Eliminating Mandatory Glove Use in Contact with Isolated Patients Increases Hand Hygiene Compliance

The requirement to wear gloves when caring for patients on contact precautions may cause personnel to neglect hand hygiene before aseptic procedures, thereby increasing infection transmission. Cusini et al. (2013) sought to assess the compliance with hand hygiene before and after eliminating mandatory glove use for patients on contact precautions.

The researchers assessed hand hygiene compliance of HCW taking care of 50 adult patients colonized with MDR microorganisms before (2009) and six months after (2012) eliminating the mandatory wearing of gloves. This policy change was implemented by the infection control team and communicated to all hospital floors. Along with this policy change, we routinely provided hand hygiene training to HCW on all floors. Hand hygiene observation was performed by two trained infection control nurses during routine care using a standardized questionnaire.

Cusini et al. (2013) observed 426 hand hygiene indications before the policy change and 492 six months after policy change. Compared to 2009, they observed a significantly higher compliance with hand hygiene in patients colonized with MDR microorganisms in 2012 [85.4%, (95% CI 82.2-88.5) versus 51.9 %, (95% CI 47.1-56.6); p< 0.001]. In particular, compliance improved before performing invasive procedures: [72.0% (95%CI 61.6-82.4) vs. 23.9% (95%CI 14.8-32.9); p< 0.001] , and before patient contact [76.7% (95%CI 68.9-84.5) vs. 32.3 (95%CI 24.0-40.5); p<0.001]. Hand hygiene compliance after patient contact remained high [93.5% (95%CI 89.2-97.9) in 2012 vs. 94.3% (95%CI 89.8.2-98.8) in 2009; NS]. During the same period, they observed a smaller increase in hand hygiene compliance for the entire hospital (17.5% hospital-wide versus 33.5% in patients on contact precautions).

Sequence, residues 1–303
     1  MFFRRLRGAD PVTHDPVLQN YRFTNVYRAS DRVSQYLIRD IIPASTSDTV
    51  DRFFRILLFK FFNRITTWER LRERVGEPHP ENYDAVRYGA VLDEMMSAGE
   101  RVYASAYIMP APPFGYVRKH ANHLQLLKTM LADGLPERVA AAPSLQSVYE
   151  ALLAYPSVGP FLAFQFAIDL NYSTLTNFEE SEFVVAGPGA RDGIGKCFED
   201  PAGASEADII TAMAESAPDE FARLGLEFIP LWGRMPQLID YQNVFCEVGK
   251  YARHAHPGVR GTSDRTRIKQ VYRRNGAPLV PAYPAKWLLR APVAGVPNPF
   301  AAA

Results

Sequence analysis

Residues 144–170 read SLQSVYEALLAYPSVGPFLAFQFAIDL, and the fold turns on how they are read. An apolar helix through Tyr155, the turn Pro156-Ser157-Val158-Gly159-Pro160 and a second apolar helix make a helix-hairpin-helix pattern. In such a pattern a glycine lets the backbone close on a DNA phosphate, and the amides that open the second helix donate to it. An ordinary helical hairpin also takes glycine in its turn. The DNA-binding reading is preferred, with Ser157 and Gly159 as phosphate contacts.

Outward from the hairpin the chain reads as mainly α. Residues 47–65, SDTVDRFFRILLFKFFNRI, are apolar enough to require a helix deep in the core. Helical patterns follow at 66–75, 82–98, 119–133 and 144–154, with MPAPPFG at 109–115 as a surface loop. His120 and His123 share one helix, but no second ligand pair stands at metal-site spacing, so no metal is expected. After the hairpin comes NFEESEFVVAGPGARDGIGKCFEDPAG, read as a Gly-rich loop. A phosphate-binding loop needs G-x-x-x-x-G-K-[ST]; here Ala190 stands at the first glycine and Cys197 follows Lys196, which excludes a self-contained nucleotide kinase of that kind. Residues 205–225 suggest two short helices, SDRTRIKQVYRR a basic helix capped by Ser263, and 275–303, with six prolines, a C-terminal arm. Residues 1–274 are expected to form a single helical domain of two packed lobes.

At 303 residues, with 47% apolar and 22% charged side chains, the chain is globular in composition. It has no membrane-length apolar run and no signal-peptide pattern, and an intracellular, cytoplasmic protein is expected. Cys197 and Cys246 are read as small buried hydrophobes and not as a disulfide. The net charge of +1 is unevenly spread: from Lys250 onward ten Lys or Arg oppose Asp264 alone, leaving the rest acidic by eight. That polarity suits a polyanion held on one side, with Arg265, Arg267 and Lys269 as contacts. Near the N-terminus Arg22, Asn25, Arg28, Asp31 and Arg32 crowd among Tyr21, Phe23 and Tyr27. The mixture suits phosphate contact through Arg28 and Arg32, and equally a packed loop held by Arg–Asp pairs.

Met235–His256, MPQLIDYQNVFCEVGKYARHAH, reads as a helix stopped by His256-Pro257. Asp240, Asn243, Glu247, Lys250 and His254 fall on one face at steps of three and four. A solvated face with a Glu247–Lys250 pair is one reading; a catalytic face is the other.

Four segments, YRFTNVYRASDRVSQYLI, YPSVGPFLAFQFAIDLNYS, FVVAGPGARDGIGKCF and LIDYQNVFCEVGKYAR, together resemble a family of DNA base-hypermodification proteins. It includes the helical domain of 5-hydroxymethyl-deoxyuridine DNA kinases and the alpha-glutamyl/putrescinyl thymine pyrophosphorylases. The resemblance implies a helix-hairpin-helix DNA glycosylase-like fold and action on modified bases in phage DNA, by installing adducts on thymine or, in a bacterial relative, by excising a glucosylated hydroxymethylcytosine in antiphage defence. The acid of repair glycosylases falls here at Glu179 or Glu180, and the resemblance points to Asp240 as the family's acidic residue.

The researchers concluded that eliminating mandatory glove use in contact with isolated patients increased hand hygiene compliance, particularly before invasive procedures and before patient contacts. Glove use may cause healthcare workers to bypass hand hygiene. The potential impact on the risk of MDR organism transmission should be determined next.

Reference: Cusini A, Nydegger D, Löhri T, Mühlemann K and Marschall J. Oral presentation O004 at 2nd International Conference on Prevention and Infection Control (ICPIC 2013): Improved hand hygiene compliance after eliminating mandatory glove use for patients on contact precautions. Antimicrobial Resistance and Infection Control 2013, 2(Suppl 1):O4 doi:10.1186/2047-2994-2-S1-O4

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